Connect · The Six C's of Success

The Six C's of Success


Only those people who have made the attempt truly know the challenges of writing a novel, especially since so many doubts and frustrations can come along to derail a person’s creative drive.  Yet the utter joy and satisfaction of completing a book is beyond compare, so for anyone who aspires to become an author, I want to inspire you by sharing my own experiences and advice.  Because it always helps to know you’re not alone with the struggles and uncertainty you might be facing.    

When I began to write my debut novel, Below, I was actually a professional accountant who could boast over three hundred keystrokes a minute on my adding machine.  I spoke a specialized language of debits and credits as I spent my days preparing budgets, journal entries, account reconciliations and bank reports. 

While these were definitely great skills to have—all supported by the left side of my brain—it was my mind’s right hemisphere that eventually demanded attention.  It was bursting with a book idea that had been brewing in my head for a very long time.        

As soon as I strung those first few words together for the opening sentence of Below, I knew I had found the artistic outlet I’d been craving.  My love of literature from childhood became a passion for expressing myself through writing, and my enthusiasm spurred my every effort, whether it was nurturing my imagination, learning everything I could about the structure of a novel, or spending the necessary time editing my manuscript.

I had only my evenings and weekends free to do all this, and after long workdays as an accountant, it sometimes proved difficult to come home from the office and return to the keyboard.  But it never failed that I would quickly pick up the story where I had left off the day before, my thoughts drifting away to other realms as I soared through the clouds to Above or plummeted to the barren wasteland of Below.    

After two years, I finally finished my manuscript.  I was proud of what I had written and was sure others would enjoy reading it too.  So I set the goal of getting published.  Yet I realized almost immediately that the odds were against me of ever finding an agent, let alone a publisher.  Submissions to a literary agency require a query letter, and I had read enough how-to books about the publishing world to know that the content of my letter absolutely had to include a bio listing my writing credentials; otherwise, I risked not being taken seriously.  It was a dispiriting requirement and I was sure I was doomed.  What could I possibly say about myself?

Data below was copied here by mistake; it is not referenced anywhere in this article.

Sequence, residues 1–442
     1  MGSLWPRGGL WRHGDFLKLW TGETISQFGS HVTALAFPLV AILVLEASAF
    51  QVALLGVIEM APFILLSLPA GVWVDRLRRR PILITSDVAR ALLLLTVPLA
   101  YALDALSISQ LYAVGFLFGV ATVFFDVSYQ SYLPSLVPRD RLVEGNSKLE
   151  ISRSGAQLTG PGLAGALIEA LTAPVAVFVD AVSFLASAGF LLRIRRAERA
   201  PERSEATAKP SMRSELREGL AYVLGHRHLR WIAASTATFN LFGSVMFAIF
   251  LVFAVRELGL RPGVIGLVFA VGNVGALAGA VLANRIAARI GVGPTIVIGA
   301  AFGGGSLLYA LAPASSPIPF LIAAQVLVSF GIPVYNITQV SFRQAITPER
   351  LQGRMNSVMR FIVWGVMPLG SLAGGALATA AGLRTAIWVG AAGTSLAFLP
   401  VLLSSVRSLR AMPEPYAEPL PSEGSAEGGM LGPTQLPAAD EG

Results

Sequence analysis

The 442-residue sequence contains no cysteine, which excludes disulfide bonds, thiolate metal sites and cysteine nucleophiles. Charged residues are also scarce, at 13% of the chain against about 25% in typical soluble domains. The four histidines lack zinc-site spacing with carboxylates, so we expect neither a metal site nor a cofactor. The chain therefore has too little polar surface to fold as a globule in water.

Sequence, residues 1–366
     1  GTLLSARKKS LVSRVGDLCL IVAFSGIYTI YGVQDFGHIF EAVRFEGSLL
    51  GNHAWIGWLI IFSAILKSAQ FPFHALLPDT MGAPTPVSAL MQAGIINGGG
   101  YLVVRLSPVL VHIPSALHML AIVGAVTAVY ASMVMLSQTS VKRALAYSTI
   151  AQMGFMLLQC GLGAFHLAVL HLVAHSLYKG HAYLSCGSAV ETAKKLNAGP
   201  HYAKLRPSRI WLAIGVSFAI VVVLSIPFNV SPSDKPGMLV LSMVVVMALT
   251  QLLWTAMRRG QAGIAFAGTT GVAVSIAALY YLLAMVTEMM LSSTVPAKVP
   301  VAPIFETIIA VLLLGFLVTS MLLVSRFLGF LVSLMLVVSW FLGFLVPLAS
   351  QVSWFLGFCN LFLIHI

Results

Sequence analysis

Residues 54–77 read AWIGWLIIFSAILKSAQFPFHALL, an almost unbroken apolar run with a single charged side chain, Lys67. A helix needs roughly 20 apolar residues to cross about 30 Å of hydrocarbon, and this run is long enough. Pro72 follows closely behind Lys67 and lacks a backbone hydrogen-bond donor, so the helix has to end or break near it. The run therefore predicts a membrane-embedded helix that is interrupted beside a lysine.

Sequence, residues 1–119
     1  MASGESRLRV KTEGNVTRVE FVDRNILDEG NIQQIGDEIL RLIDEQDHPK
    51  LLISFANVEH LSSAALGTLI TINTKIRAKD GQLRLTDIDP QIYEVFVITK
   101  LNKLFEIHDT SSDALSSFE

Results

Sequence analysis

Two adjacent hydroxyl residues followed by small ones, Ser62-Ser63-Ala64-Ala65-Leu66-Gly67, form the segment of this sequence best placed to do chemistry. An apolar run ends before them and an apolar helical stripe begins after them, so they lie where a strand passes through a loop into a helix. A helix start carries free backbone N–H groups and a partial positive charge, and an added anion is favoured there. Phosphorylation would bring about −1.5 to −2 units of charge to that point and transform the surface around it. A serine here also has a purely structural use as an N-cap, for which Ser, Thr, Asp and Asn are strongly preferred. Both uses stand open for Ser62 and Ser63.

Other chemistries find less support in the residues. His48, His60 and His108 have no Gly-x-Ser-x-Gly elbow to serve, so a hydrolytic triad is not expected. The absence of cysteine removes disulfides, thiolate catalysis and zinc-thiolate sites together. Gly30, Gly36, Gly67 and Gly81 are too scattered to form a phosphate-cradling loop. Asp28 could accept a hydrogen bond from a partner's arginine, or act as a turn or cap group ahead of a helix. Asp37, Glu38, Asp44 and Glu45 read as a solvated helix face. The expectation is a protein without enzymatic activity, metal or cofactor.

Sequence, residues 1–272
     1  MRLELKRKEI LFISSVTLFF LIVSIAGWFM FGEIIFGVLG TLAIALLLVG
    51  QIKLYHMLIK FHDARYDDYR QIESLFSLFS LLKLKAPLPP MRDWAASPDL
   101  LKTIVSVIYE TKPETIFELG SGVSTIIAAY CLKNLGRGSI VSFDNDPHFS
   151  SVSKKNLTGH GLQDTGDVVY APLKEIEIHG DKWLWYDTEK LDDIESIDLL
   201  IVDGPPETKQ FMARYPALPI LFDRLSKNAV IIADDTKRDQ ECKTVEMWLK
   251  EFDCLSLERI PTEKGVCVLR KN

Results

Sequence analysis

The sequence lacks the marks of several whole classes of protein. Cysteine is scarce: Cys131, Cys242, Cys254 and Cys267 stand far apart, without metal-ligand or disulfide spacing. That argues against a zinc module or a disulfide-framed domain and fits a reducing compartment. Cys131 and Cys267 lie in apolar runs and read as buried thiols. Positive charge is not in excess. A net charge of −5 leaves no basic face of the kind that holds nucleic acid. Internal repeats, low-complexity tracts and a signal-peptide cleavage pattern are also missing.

Well, I decided to keep the bio short—very short!—and to carefully construct my query letter to showcase my writing skills.  Equally important, though, I focused on my story’s concept.  I wanted to hook a prospective agent’s interest with the first paragraph of my letter, to get them so excited they’d leap from their desk and not even bother to read to the bottom of the page where they would discover what I lacked in experience. 

My letter succeeded.  In less than half an hour of sending the email, I received a response from my agent, Daniel Lazar at Writers House, asking to see the manuscript.  After taking the time he needed to read through it, we soon signed a contract, and I was thrilled beyond belief.  I cancelled all of my appointments for the next three weeks, certain that I’d be whisked off to New York at a moment’s notice for a whirlwind book tour.  But that assumption was premature.  Instead, the time had come for the real work to begin.   

By this point, I had written so much about the worlds of Hokk and Elia that I had a manuscript of approximately 150,000 words.  A book of this length was much too long for publication, so I had to force myself to make ruthless editing decisions in order to cut the word count in half.  Of course, this was extremely difficult and very disheartening, yet the exercise proved to be a fantastic learning experience.  Although I could’ve given up by being too protective of my original work, or too overwhelmed by all the extra editing, my steadfast resolve to stick with the project allowed me to hone my skills and craft a story that was the best it could be.